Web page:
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January 19, 2014

You have to be at work by 9am in the morning, you are just now waking up at 8:20am. Knowing fully well that it takes you about thirty minutes to get ready for work, you spring out of bed. Regardless of what excuses you give yourself, the reality is that you premeditated this. How? You premeditated your oversleeping because you did not set the intent to wake up at a specific time where you would have had plenty of time to perform your morning routine and arrive at work on time. Prior to going to bed the night before, you knew that you were running into trouble once you did not visualize what your routine in the morning was going to be like and you probably lied to yourself.

If you recall all the times you have successfully followed through with an endeavour, what you will most likely recall is that you visualized it happening before it happened. You knew what you were going to do, you anticipated obstacles in your path and how you were going to get around those obstacles. So what happens when we procrastinate? What happens when we fall short from achieving our desired goals, not because of things not going our way, but due to our failures in following through on certain things?

What happens is fear, and even more specifically our unwillingness to acknowledge our fears. Let’s say for example that you have a fear of speaking in public, and your supervisor recently confided in you about management’s interest in you for a new leadership position. You get excited about the job, then it dawns on you, this leadership position requires a lot of public speaking and presentations. You want the job, for all the perks that come with the job, but you do not want the burden of dealing with your fear of public speaking. So you choose to take the passive route by not making any decisions, and you instead give management the impression that you are interested in the job. Not only to you fail to make a solid decision to yourself, you also fail to visualize yourself thriving in that role.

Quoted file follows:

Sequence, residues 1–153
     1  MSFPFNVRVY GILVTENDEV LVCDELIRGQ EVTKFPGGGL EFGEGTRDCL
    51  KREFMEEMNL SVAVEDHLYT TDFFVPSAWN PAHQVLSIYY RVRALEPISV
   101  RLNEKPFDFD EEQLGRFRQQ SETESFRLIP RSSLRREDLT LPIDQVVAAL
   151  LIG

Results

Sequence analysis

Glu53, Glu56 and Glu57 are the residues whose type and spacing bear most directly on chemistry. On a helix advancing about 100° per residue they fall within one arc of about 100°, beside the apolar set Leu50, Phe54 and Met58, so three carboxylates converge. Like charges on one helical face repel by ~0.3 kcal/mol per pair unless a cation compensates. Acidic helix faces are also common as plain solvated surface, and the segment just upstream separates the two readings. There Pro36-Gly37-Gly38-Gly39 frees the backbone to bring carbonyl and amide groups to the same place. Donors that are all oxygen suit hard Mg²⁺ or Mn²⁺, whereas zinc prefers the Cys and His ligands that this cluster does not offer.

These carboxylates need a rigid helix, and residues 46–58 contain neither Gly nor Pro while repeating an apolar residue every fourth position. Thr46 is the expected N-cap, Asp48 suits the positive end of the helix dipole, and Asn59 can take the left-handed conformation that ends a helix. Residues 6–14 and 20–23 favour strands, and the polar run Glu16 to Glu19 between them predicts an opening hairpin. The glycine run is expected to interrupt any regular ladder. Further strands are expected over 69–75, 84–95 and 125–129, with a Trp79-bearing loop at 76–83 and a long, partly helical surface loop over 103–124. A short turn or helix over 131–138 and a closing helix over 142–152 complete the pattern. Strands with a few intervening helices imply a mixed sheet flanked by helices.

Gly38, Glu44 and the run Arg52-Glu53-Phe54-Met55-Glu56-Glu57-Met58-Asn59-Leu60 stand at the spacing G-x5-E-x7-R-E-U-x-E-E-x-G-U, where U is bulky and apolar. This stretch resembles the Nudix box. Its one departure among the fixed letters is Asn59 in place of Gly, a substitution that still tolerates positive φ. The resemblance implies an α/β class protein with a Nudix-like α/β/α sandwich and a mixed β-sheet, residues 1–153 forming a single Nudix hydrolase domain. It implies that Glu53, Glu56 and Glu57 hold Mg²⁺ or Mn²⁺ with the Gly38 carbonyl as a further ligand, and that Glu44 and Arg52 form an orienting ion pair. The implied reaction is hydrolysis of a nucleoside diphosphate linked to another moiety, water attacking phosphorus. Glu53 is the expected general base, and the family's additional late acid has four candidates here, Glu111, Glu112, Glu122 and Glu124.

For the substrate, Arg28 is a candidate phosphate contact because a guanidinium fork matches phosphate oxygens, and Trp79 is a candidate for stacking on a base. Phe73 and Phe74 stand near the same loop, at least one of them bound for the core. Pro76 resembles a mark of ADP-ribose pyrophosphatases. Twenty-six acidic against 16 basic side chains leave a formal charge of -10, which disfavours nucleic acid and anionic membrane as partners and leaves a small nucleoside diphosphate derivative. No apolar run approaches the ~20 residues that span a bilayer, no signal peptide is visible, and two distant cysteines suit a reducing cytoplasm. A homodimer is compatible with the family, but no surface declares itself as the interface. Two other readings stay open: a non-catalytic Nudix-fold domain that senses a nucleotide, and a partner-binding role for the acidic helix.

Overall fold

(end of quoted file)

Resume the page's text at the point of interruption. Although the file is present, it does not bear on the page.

In the absence of a conscious intention for what you want, your subconsciousness will default to  making the best decision on your behalf which is designed to protect you from fears. Hence chronic episodes of procrastination. Using the example given at the start of this post, after several occurrences of tardiness, management will take you less seriously for the new job and you would have successfully sabotaged yourself.

This is the story of how procrastination usually occurs, there is fear or reluctance to engage in something, but due to social pressure you go along with it. However you make no plans in your head, nor do you set any intention to follow through, it’s as if you have decided that you will go along with the flow of things and whatever happens will simple happen.

The reality is that as human beings we all have power, specifically the power to influence the world around us. It is important to note that the feats we have achieved in our lives, were achieved because we wanted to achieve them, no one can bring us happiness in our lives but ourselves. This is why it is important to honest with ourselves regarding what we desire and do not desire.

So how do you overcome procrastination? You overcome procrastination by fearlessly setting your intention for what you want to accomplish. If you are having difficulty visualizing it in your mind then write it down as a narrative. In this post, I discussed the importance of using narratives in creating the futures we desire. Writing down your intention as a narrative allows you to play out potential obstacles you are most likely to encounter in a virtual world, which gives you leverage in predicting and developing plans for how to overcome certain obstacles prior to experiencing them.

Once your fears have been acknowledged and you have planned accordingly using the narrative technique, you will find that it becomes easier to set your intentions visually.

Ugo is a psychotherapist and life coach.

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